Thursday, November 4, 2021

6 Books with Cassidy Ward

Cassidy Ward is a journalist and author of fiction. He writes a regular column exploring the intersection of science and popular culture at and his debut novella, Ravel, will be published September 4, 2021. He lives and writes in Utah with his partner and son.

Today he tells us about his Six Books:

1. What book are you currently reading?

Verify by Joelle Charbonneau. It’s a spiritual sibling to 1984 or Fahrenheit 451 in the way it explores the potential negative outcomes of technology or government overreach in the future. It wonders at the potential repercussions of an increasingly digitized world, in which everything including history can be modified on a whim. Meri, the protagonist, is swept into an underground resistance built on maintaining physical books in order to protect the truth of our past. It aligns nicely with my appreciation for the convenience of digital content and my unwillingness to let go of the ever-increasing mountain of physical book beneath which I will undoubtedly be buried.

2. What upcoming book are you really excited about?

 The Apollo Murders by Chris Hadfield. I’m a sucker for the Apollo missions, and I’m a sucker for Chris Hadfield. Armed only with his Canadian charm, a killer mustache, and a guitar, he reintroduced a whole lot of people to the International Space Station. During a time when the notion of space-travel had become sort of mundane (a shocking thing to type), he helped to make astronauts cool again. Besides, I can just imagine him floating aboard ISS, circling the planet every 90 minutes, and cooking up a space-thriller.  I can’t wait to read it.

3. Is there a book you’re currently itching to re-read?

Next on my to-read is Star Daughter by Shveta Thakrar and I’m in that weird space where I’m almost sad the current book is going to end while also hungry to get on to the next thing. I’m excited about what Shveta is doing in the fantasy space. So much of fantasy is dominated by Euro-centric stories at the expense of other cultures’ storytelling traditions. Certainly, there are great sword and sorcery stories, but we could all do with an expansion of our narrative horizons both as readers and writers. I’m excited to see what sorts of worlds and characters exist outside the confines of my usual haunts.

4. A book that you love and wish that you yourself had written.

This is a tough one to answer. There are so many books I wish I had written. Any time I read something particularly wonderful I’m hit with that “god damn it” feeling of simultaneous joy and envy. Any time an author is able to really capture an idea and deliver it on the page, it’s a sort of alchemy I’m constantly chasing, so this happens a lot. My most recent experience with this feeling, though, involves John Green’s The Anthropocene Reviewed. There’s something entirely magical about that book, in the way it is seemingly a collection of disparate essays while also fully capturing what it means to be a human being alive today, with all of the good and the bad, the pain and the wonder, that comes along with modern life. Also, everything Andy Weir writes.'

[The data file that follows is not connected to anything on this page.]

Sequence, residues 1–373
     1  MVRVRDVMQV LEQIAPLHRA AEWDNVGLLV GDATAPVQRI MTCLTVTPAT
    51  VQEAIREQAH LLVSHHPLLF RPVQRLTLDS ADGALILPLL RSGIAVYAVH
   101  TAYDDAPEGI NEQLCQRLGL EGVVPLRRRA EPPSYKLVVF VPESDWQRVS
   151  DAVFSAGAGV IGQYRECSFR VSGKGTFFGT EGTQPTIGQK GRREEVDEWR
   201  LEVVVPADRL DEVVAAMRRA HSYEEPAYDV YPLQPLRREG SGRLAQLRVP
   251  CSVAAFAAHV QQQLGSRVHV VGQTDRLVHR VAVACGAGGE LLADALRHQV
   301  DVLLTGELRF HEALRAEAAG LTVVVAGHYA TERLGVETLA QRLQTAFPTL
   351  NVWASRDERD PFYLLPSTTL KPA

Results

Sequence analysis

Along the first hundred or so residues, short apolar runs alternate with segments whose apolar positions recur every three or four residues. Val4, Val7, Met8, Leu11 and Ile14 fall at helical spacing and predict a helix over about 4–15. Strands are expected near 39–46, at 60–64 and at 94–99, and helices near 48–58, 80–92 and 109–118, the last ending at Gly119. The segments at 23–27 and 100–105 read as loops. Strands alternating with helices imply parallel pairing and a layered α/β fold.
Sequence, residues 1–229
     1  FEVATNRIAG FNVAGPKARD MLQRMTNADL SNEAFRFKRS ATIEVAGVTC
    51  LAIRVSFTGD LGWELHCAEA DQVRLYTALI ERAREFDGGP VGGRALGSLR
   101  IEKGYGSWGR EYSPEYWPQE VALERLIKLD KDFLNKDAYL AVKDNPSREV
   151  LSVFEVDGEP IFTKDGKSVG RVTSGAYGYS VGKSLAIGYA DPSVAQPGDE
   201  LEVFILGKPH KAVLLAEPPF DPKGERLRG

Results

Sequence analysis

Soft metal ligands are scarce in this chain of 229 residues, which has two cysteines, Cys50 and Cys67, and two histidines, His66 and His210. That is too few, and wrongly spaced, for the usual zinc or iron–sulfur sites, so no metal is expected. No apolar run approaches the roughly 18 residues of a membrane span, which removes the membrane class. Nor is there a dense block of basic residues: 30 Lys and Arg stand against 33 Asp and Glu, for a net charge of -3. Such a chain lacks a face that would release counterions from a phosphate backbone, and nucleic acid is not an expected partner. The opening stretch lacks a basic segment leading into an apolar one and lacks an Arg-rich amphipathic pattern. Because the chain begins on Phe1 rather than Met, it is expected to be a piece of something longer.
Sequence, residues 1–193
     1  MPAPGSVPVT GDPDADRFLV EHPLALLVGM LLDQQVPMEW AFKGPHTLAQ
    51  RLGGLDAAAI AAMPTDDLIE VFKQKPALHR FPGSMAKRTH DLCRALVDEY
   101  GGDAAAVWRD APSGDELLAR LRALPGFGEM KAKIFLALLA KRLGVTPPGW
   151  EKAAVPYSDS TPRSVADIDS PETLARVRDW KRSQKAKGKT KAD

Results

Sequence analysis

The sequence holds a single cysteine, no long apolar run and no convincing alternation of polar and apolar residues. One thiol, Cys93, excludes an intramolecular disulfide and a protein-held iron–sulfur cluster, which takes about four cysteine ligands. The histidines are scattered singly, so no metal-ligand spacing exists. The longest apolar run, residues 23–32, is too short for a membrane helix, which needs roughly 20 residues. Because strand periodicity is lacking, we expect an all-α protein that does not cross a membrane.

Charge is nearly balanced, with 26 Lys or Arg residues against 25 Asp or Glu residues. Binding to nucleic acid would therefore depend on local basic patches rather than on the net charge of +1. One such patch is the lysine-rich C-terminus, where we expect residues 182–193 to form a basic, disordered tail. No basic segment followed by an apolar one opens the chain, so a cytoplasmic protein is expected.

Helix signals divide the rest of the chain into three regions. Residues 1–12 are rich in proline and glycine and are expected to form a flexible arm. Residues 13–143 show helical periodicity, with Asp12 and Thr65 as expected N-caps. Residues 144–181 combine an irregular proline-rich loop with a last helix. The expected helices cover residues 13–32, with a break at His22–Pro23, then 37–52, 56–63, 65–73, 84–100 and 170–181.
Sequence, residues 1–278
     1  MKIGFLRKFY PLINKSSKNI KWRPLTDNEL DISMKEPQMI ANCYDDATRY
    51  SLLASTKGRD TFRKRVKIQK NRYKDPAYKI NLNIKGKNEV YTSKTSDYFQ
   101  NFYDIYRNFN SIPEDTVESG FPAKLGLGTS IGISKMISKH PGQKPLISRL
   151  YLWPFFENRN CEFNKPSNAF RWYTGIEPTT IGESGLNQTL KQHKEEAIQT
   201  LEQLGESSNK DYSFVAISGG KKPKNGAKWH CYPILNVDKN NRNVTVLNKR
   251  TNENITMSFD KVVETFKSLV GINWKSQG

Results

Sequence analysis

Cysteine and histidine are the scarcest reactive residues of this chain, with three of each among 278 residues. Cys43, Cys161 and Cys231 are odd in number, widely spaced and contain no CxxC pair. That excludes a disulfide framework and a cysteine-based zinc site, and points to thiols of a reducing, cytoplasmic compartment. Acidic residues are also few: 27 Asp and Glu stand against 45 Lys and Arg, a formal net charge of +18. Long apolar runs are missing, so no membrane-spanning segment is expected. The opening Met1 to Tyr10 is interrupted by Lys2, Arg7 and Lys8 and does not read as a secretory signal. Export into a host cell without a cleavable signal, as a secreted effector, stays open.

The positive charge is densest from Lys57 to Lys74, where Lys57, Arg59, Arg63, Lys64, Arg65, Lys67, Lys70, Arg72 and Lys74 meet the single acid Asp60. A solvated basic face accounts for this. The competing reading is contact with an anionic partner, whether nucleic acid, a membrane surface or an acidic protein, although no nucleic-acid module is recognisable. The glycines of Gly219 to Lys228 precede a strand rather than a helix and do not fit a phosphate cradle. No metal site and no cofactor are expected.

5. What’s one book, which you read as a child or a young adult, that has had a lasting influence on your writing?

Perhaps the most important book I ever read, is a book which I don’t wholly remember. One of my earliest and most distinct memories is of sitting in my bedroom reading Goosebumps—I don’t remember which one—and realizing I’d ceased to see the words on the page. Instead, I saw the story unfolding in front of my eyes, as if I were there. The experience was so stark that, as I realized it, I was pulled back to my bedroom and just sort of sat there for a while, stunned at what had happened. That was the first time I realized books were the closest thing in this world to magic. That words, when appropriately arranged, have the power to transport, to pull the strings of a person’s mind. That was the moment I knew I wanted to write.

6. And speaking of that, what’s your latest book, and why is it awesome? 

My latest book is novella called Ravel, about the threads we lay down throughout our lives and the ones we pull up, even when we don’t mean to. It’s a modern-ish fantasy/horror about a family of matriarchal ravellers, women capable of manipulating the threads of reality with magical knitting needles. There are dark creatures called Nails, intent on undoing the threads of the world, there is love and loss, and fractured memory. That feeling I’ve been chasing, when a good book carries you away, sometimes happens when you’re writing. That happened when I wrote Ravel. It’s the sort of book which, had I not written it, I would have wish I had. It ticks all my boxes. I hope it ticks yours.

Thank you, Cassidy!


POSTED BY: Paul Weimer. Ubiquitous in Shadow, but I’m just this guy, you know? @princejvstin.